The sights they wanted to see, the pictures they wanted to take, the jobs they had to find, the apartment that was waiting for them and the food they could not wait to taste.

Excited at all the possibilities, they were equally saddened about leaving behind everything that they knew. Their families, their friends, their homes, everything they were accustomed to, and now their marriage.

“This was a part of the plan though!” they both exclaimed. Jagan unpacked while Aditi went to shower. A piece of paper rolled out, on it was a barely readable, “????? ?????.” Shaken and confused, Jagan quickly folded it back up and threw it into the compartment of his bag. He continued unpacking. Piece after piece, red after green, after black after gold, purple after yellow. Looking up at the bathroom door, Jagan clinched to one particular piece of clothing and tears ran down his face uncontrollably. He put the shirt on. The shower stopped, Jagan immediately ran to the door, “I need to take a walk,” and out the door he ran so that he would not be caught by Aditi.

6:00 AM in San Francisco, Jagan found himself on the Bayfront watching the sun rise. Sun’s hue was reminiscent of the agni, the fire they stood around during the wedding. Hanging his head in incredulity, Jagan’s mind wandered.

Aditi was out of the shower, finding something to wear she wondered about Jagan but chose to enjoy the time apart. She needed as much space as he needed, if not more. She began to think of what she was to do for work. If they were going to like living there. She loved it when she visited but knew it would be different since she was going to be living there. Pulling out a red night gown she felt, numb. The eerie reverence to the wedding dress flooded her with memories she thought would have went down the drain with the shower she just took. Everything seemingly came to a dead halt, silence ensued and she sunk back into the memory bank to her Mehndi.

Mehndi

This was when Aditi and her female friends and family members had henna patterns drawn on their feet and hands. That was followed by, the Sangeet which Aditi and Jagan’s families, socialized, mixed, are and danced with one another.

Construction

Jagan surged into the room.

Two newspapers in hand, he gave one to Aditi and she settled on her bed. Jagan took his and settled into his. Pages turned in the San Francisco Chronicle and red pen engulfed the classifieds.

Aditi managed a store front back in Delhi, she knew the ins and outs of a store, how to market, how to sell and had the organizational skills of seasoned professional. She knew her skill set could out due that of any competition, she just needed someone that would hire her.

Jagan was a well-off mechanic and electrician. A trade that he learned over the last ten years. Learning both of those trades allowed him to monopolize his area.

Jagan looked over, saw how determined Aditi was to find something. It was encouraging, it was interesting, it was different. He wondered how he could feel nothing for her. Questions came flooding back about how he got to this point. He did not know how families determined who should be together based on nothing but bias needs and desires.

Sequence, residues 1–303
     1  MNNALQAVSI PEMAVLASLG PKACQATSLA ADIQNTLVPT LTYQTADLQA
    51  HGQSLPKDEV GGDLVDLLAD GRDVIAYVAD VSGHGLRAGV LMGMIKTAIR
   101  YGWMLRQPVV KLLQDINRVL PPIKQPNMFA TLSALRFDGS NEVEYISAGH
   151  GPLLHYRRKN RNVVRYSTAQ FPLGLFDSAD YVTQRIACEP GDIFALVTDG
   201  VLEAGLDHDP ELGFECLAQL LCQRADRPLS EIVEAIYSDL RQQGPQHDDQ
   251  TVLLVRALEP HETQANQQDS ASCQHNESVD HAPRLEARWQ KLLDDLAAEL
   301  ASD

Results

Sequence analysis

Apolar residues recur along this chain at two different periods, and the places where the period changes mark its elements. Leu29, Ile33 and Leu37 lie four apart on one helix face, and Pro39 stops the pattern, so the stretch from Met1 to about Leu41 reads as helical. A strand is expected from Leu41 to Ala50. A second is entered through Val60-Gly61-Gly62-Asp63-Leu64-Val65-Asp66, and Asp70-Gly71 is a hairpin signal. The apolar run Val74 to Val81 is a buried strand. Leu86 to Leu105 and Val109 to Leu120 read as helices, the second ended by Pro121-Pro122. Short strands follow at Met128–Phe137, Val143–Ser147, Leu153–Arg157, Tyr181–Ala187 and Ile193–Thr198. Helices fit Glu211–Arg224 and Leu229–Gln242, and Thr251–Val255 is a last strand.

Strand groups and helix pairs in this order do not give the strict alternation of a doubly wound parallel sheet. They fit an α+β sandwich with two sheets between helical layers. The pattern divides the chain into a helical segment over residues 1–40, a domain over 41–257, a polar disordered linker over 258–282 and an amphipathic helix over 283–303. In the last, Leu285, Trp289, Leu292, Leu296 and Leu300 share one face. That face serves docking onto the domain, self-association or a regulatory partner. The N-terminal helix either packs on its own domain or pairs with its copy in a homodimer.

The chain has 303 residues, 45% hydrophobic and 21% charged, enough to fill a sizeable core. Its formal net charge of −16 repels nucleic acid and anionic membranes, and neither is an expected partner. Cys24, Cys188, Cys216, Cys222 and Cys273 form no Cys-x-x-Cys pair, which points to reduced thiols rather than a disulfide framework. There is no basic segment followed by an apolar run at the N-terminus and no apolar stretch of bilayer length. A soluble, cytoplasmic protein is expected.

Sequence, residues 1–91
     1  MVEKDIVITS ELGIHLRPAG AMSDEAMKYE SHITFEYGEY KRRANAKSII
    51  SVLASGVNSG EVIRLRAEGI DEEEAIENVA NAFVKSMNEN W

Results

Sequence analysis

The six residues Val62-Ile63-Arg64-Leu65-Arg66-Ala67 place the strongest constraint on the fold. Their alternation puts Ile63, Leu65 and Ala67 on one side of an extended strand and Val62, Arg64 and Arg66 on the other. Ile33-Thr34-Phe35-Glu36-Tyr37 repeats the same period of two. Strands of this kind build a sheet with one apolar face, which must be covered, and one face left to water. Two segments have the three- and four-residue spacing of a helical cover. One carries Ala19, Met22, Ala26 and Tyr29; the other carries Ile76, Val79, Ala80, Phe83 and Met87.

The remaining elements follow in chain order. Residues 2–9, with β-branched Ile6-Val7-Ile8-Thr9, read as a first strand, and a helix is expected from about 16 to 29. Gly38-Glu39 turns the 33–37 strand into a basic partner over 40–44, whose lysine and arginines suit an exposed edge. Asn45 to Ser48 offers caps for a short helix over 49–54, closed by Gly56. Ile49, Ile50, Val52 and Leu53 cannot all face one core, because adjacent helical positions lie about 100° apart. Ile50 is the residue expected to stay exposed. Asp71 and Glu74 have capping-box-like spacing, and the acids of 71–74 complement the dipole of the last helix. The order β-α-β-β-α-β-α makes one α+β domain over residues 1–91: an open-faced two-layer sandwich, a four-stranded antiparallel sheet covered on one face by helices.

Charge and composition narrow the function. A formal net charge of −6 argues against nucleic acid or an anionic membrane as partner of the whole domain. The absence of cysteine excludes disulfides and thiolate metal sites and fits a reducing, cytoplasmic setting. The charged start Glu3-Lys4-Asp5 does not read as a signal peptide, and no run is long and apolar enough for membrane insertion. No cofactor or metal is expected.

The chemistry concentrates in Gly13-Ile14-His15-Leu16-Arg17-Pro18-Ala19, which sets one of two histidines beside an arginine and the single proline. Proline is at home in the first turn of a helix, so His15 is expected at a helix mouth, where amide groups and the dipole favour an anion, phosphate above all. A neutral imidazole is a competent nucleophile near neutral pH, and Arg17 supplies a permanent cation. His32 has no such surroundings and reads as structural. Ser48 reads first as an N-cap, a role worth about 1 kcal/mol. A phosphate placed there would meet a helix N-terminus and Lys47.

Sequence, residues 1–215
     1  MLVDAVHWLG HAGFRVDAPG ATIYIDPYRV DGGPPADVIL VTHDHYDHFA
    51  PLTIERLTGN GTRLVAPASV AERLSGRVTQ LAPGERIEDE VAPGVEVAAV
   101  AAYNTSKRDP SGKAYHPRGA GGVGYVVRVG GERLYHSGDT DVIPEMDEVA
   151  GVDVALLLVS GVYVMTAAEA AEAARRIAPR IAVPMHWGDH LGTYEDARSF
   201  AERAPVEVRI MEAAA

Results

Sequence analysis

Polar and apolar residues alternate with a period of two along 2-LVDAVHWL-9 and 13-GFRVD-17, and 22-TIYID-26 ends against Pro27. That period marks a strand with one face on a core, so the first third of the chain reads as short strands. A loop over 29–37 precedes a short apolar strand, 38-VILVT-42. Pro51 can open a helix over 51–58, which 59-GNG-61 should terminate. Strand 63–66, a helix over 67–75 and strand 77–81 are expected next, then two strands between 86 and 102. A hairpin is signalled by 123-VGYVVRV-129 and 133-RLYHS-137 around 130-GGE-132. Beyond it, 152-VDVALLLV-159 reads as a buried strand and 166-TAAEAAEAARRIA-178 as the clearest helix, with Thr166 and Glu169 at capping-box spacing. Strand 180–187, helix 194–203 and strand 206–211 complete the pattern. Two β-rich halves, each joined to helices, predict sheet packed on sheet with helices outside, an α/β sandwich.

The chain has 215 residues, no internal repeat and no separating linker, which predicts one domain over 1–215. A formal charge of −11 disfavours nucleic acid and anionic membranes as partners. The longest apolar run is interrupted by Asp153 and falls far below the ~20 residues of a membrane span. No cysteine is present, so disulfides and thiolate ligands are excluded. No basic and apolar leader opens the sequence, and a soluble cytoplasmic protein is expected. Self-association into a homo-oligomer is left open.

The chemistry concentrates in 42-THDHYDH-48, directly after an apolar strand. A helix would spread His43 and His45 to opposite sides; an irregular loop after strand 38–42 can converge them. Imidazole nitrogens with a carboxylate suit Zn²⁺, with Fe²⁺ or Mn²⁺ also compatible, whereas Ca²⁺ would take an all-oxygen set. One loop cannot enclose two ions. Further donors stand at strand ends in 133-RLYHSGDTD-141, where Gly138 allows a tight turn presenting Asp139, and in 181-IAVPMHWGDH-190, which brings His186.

Aditi was head strong, straight to the point and knew what she wanted. Not focusing on what Jagan was doing she was plotting out her path, she was pulling maps, planning the clothes she was going to wear as well as everything that she was going to need to land a position.

Glancing up, she caught Jagan staring. He quickly looked away. She wondered what was happening, what he was thinking, what he was doing. She could not bother with much thought surrounding him and his thoughts. She did remember the face he was making a time before. A mix of confusion with wonder, but not necessarily in a good way.

Seeing the Girl

When initially arranged, there was a ceremony for the first meeting. Jagan came in and sat in a room with Aditi’s family. The room was silent and Jagan nervously waited.

The music slowly started, Aditi came out. Joined Jagan at the table. Every step she took toward the table, another family member disappeared from the room. As she sat down to the table, the fervent smell of fresh fried Pakora, Masala Chai and Desi Ghee Sweets rested on the brushed oak table.

They looked at each other and hope for the best but found that there was nothing there. Both knowing that they could not disappoint their families nor break this arrangement they talked about themselves. Nothing in common, except one thing.

Leaving.

They both wanted to get out of the country and go to America.

Aditi wanted to experience a new world, a new life, a new area. Thinking that there is something more than what is here for her in the country. Limitation of choices, confinement, and ideas like arranged marriages are not what she valued and with no one to share these ideas she needed was at a lost. Finding someone that she had this in common with that she had to marry, she figured she would find a way to make this work her.